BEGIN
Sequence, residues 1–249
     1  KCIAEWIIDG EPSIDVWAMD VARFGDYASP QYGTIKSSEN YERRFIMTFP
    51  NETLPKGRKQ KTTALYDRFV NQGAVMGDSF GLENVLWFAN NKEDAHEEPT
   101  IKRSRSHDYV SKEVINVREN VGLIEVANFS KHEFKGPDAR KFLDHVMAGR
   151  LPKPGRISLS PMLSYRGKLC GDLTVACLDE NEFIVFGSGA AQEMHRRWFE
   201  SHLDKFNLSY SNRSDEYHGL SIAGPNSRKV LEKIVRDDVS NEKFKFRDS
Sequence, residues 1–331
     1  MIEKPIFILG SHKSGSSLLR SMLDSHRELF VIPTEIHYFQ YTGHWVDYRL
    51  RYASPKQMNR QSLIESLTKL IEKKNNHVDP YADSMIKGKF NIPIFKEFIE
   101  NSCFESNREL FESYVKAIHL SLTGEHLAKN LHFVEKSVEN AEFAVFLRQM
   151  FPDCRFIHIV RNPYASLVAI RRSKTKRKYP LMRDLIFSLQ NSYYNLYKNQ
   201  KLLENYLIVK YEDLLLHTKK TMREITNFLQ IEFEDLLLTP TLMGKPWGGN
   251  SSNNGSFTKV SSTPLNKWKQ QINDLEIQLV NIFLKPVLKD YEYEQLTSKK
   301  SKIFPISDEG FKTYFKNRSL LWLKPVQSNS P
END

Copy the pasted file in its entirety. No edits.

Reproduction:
Sequence, residues 1–249
     1  KCIAEWIIDG EPSIDVWAMD VARFGDYASP QYGTIKSSEN YERRFIMTFP
    51  NETLPKGRKQ KTTALYDRFV NQGAVMGDSF GLENVLWFAN NKEDAHEEPT
   101  IKRSRSHDYV SKEVINVREN VGLIEVANFS KHEFKGPDAR KFLDHVMAGR
   151  LPKPGRISLS PMLSYRGKLC GDLTVACLDE NEFIVFGSGA AQEMHRRWFE
   201  SHLDKFNLSY SNRSDEYHGL SIAGPNSRKV LEKIVRDDVS NEKFKFRDS
Sequence, residues 1–331
     1  MIEKPIFILG SHKSGSSLLR SMLDSHRELF VIPTEIHYFQ YTGHWVDYRL
    51  RYASPKQMNR QSLIESLTKL IEKKNNHVDP YADSMIKGKF NIPIFKEFIE
   101  NSCFESNREL FESYVKAIHL SLTGEHLAKN LHFVEKSVEN AEFAVFLRQM
   151  FPDCRFIHIV RNPYASLVAI RRSKTKRKYP LMRDLIFSLQ NSYYNLYKNQ
   201  KLLENYLIVK YEDLLLHTKK TMREITNFLQ IEFEDLLLTP TLMGKPWGGN
   251  SSNNGSFTKV SSTPLNKWKQ QINDLEIQLV NIFLKPVLKD YEYEQLTSKK
   301  SKIFPISDEG FKTYFKNRSL LWLKPVQSNS P